keywords: I Love You Philip Morris

  • ARTS AND CULTURE

    Undeterred by Kondo, let your library overflow

    • Philip Harvey
    • 08 February 2019
    8 Comments

    It's all very well to remove excess furniture, but furniture is not books. How many chairs does one need? Chairs are not books. To reduce a library as a household expedience is to objectify the books. Their contents are emptied of value, their history relegated to out-of-date. They have no more meaning than books in an Ikea display room.

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  • INTERNATIONAL

    What will survive of us is love

    • Gillian Bouras
    • 30 July 2014
    11 Comments

    So there the marble figures lie, grey and blurred, and with an infinite capacity, I think, to touch the heart. The tomb was radical for its time, in the sense that Richard had decreed that his effigy should not be higher than Eleanor's; her figure also appears to lean towards his, and most moving of all, Richard's has one gauntlet removed, so that his bare hand holds that of his wife. Her feet rest on a little pet dog, his on a small lion.

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  • ARTS AND CULTURE

    Love in the fifties

    • Mary Manning
    • 27 June 2012
    9 Comments

    It is February 1952. I am with friends at Jim's place when we hear the news that King George VI has died. A dark-haired boy I have not met before keeps looking across at me.

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  • AUSTRALIA

    Love, the Northern Territory Intervention's missing ingredient

    • Andrew Chalk
    • 11 October 2011
    5 Comments

    Many Australians have reached a point of believing that the difficulties afflicting Aboriginal communities demand the heavy handed, and often humiliating, approach. But the Philppine grassroots Gawad Kalinga model, based on 'the giving of care', offers a realistic alternative.

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  • ARTS AND CULTURE

    Gay love and lies

    • Tim Kroenert
    • 06 April 2011

    Steven is a flamboyant gay Texan who becomes a compulsive conman in order to fund his extravagant lifestyle. When his crimes land him in prison, he finds in fresh-faced fellow inmate Philip a new object for his obsessions.

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  • AUSTRALIA

    The opportunity cost of Rudd-love

    • Michael Mullins
    • 14 December 2009
    5 Comments

    If Hawke and Keating had failed to act on economic reform, the opportunity cost would have been devastating unemployment during the GFC. It is not difficult to imagine the opportunity cost of the priority Rudd is giving to his own popularity over reforms that are now urgently needed.

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  • ARTS AND CULTURE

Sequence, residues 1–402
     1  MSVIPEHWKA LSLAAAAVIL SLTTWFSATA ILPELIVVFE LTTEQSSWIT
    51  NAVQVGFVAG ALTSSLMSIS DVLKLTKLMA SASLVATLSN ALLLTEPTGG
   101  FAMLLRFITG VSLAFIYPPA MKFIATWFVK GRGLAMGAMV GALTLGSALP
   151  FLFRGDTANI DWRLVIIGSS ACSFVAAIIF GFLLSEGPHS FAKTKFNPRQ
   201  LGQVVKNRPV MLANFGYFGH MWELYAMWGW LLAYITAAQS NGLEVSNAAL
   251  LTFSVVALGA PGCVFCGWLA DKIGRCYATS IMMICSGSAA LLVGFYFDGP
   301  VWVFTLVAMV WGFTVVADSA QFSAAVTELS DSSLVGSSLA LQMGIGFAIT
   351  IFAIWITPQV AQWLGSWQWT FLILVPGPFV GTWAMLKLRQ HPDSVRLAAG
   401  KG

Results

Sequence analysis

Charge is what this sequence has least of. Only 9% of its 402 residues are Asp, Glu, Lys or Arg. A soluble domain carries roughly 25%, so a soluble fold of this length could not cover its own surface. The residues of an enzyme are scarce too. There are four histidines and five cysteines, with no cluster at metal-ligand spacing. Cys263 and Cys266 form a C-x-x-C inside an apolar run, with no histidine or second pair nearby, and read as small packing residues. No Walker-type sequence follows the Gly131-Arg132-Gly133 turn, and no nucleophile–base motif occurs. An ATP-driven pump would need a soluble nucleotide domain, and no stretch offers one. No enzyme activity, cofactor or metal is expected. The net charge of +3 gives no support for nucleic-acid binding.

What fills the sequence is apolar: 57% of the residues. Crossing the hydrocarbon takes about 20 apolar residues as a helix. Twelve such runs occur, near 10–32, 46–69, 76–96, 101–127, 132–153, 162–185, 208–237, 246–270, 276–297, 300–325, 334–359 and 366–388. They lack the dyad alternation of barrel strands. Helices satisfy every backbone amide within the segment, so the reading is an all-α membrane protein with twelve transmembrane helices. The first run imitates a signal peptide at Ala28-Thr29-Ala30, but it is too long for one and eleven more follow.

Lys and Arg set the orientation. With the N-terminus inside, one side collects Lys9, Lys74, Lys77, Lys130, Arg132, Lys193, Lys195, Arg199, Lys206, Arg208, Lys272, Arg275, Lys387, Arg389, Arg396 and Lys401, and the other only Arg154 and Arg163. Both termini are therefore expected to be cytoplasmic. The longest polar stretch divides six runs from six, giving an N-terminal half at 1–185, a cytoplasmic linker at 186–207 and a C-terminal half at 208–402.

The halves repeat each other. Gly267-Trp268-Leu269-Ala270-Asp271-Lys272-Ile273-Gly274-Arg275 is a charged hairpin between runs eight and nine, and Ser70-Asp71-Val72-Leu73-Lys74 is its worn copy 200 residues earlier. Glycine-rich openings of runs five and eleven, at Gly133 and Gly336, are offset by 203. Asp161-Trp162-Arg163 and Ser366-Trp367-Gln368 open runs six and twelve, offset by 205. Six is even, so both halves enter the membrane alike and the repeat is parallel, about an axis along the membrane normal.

The sometimes ironic perception of 'things'

    • Brian Matthews
    • 02 August 2019
    4 Comments

    Robert Harris' The Gang of One ranges through Harris' five published books and a number of uncollected poems. Early work grows from his occasionally lonely, knockabout life and reveals not only a talent for catching the essence of fleeting memories and perceptions but also a mordant touch that gives edge to memory.

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  • INTERNATIONAL

    Jean Vanier's model for inclusiveness

    • Justin Glyn
    • 09 May 2019
    10 Comments

    Jean Vanier (1928-2019), sailor, academic, companion and man of boundless hospitality, died on 7 May, leaving behind him not only many communities in grief but also a model for how a world free of discrimination might look.

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  • ARTS AND CULTURE

    Pigeon English: a 'lost' Les Murray interview

    • Philip Harvey
    • 06 May 2019
    10 Comments

    'English became the best pigeon in the world, it picked up stuff from everywhere.' In this never-before-heard interview from 2013, the late great poet Les Murray reflects on his work, on language, and on what poetry actually 'does'.

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  • EDUCATION

    Homophobic prejudice casts a long shadow

    • Barry Gittins
    • 17 October 2018
    7 Comments

    Next month, it will be two years since Tyrone Unsworth took his own life. He was 13. What makes his case stand out is that his suicide followed years of homophobic bullying, and occurred in the midst of the same sex marriage debate and conservative attacks on Safe Schools. Suicide does not occur in a vacuum.

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  • INTERNATIONAL

    Redrawing the lines of Nicaragua solidarity

    • Ann Deslandes
    • 25 July 2018
    6 Comments

    In the 1980s, the international solidarity movement for Nicaragua had thousands of supporters, including many in Australia. The nation was undergoing severe repression at the hands of dictator Anastasio Somoza. Fast-forward 30 years and a Nicaraguan rebel movement is again calling for international solidarity.

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  • RELIGION

    Religion and human rights

    • Frank Brennan
    • 20 July 2018
    4 Comments

    'I voted 'yes' in last year's ABS survey on same sex marriage. As a priest, I was prepared to explain why I was voting 'yes' during the campaign. I voted 'yes', in part because I thought that the outcome was inevitable. But also, I thought that full civil recognition of such relationships was an idea whose time had come.' — Frank Brennan, 2018 Castan Centre Human Rights Conference

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